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I’m growing a few spare plants for a charity sale, which will take place in Saint-Chinian on June 21st, 2015.  There’ll be garlic chives, two kinds of mint, gaillardia, and a plant whose name I cannot remember, but it has white furry leaves 🙂 .  Of course there will be a lot of other plants too!

 

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The tomato forest is ready for planting out – one of my chores this week!

 

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The wisteria has all but finished flowering, but there may be some more flowers later in the summer!

 

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The bearded iris are also in full flower right now.  If you look carefully at the pictures you’ll be able to tell why it is called “bearded” 🙂

 

 

The flower buds on the kiwi plants are looking good, another week and they should be open and ready for business – or should that be beesiness?!

 

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These seedlings and plants need to be pricked out or planted very soon!

 

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Here’s a medley of flowers: escholtzia, allium, roses, heuchera, wallflowers, gaillardia, gerbera, salvia and bulbine frutescens.  All of them are blooming in my garden right now.  This really is a fabulous time of the year in Languedoc!

 

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Falling into fall

All too soon the clocks will go back by an hour, and the evenings will feel much longer.  This time of year, nature paints with a rich palette of wonderful colours.  Summer was glorious and bountiful, but towards the end it became a little parched, and somewhat monochrome.  Now autumn is exploding in a riot of colours!  Balm to the heart!!

Have a look at this dahlia:

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The colour variations in the grapevine leaves are endless:

The pomegranates are really starting to show off:

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How about some of these luscious persimmons?

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Or perhaps you are ready for a pumpkin?

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This red warty thing has been growing in my garden for some time now, and it will be harvested very soon.  A friend in the US sent me the seeds last year, and I just love the colour and texture of the skin;  the seed packet promises that it will make good eating too!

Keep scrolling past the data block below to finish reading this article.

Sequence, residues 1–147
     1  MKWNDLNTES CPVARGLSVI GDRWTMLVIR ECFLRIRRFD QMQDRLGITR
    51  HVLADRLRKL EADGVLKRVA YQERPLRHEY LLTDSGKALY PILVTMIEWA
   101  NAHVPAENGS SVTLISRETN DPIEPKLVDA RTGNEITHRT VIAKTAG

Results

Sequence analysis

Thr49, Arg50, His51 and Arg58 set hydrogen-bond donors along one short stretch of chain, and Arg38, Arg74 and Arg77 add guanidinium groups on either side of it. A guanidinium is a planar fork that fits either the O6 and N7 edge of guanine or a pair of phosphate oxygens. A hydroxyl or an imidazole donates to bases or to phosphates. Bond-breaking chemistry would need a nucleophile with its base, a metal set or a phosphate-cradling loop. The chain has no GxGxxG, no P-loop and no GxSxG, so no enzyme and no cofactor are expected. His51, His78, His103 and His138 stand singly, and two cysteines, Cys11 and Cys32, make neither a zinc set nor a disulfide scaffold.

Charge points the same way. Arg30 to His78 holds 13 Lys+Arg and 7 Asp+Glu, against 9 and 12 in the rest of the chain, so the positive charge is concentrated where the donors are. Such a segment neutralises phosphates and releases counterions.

The rose hips are blazing away brilliantly red.

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Some parts of my garden really come into their own during fall.  This salvia just seems to explode at the end of each summer.

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Some leaves turn a bright sulphur yellow colour

and some go flaming red:

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Autumn is really one of the best times to visit the area.  And of course this time of year is also fantastic for wild mushrooms, but that will be a story for another time…

A is for Artichoke

The artichoke season in my garden is coming to an end, and I have been very fortunate with my crop. There must have been well over 30 artichokes on the plants, and I have not yet tired of them!!

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This is the first time that I have tried to grow artichokes, so it is still all very new. I started with three small plants last year, knowing that I would not get a crop until the following year, but that was about all. As soon as the plants were in the ground, the snails and slugs made a banquet of them, and for some time it looked as though I was trying to grow lace :). In time though, the plants grew stronger, and with the judicious use of slug pellets the artichoke plants grew and prospered.

In the fall I completed the row with a further two plants. As the winter drew to an end the plants were magnificent, large mounds of silvery leaves. It became very exciting when the first flower buds started to appear.

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The first artichokes I picked were truly gorgeous to look at. However, when I got them into the kitchen, I found that families of earwigs had taken up residence in my prized vegetables; they had paid their rent by eliminating the greenfly/blackfly population, it would appear. Once I had dealt with the squatters, I prepared “Barcelona Grilled Artichokes” from Patricia Wells’ book “Patricia Wells at home in Provence”. For this delicious dish the prepared artichokes are sliced, marinated in a dressing of olive oil, lemon juice, and garlic, and grilled, for a totally yummy result. The next three photographs are purely gratuitous, and in no way related to the recipes :)! I did unfortunately not have my camera to hand when I was cooking!

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The day after I was talking to a neighbour about artichokes, and she told me to braise them with potatoes, which I tried, but was not crazy about.  The same neighbour also gave me the idea of adding some tomato, so I tried cooking the artichokes with smoked bacon and tomato, which worked wonderfully well!

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In Claudia Roden’s Middle Eastern Cookbook I found two more recipes. The first used honey, lemon juice and preserved lemons, the second paired the artichokes with broad beans and almonds. Both produced delicious dishes in their own ways, and I’ll be making them again.

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My overall favorite dish this year was the artichokes cooked with bacon and tomato and I will attempt to give you the recipe here.  Pictures of the progress are at the end of the recipe.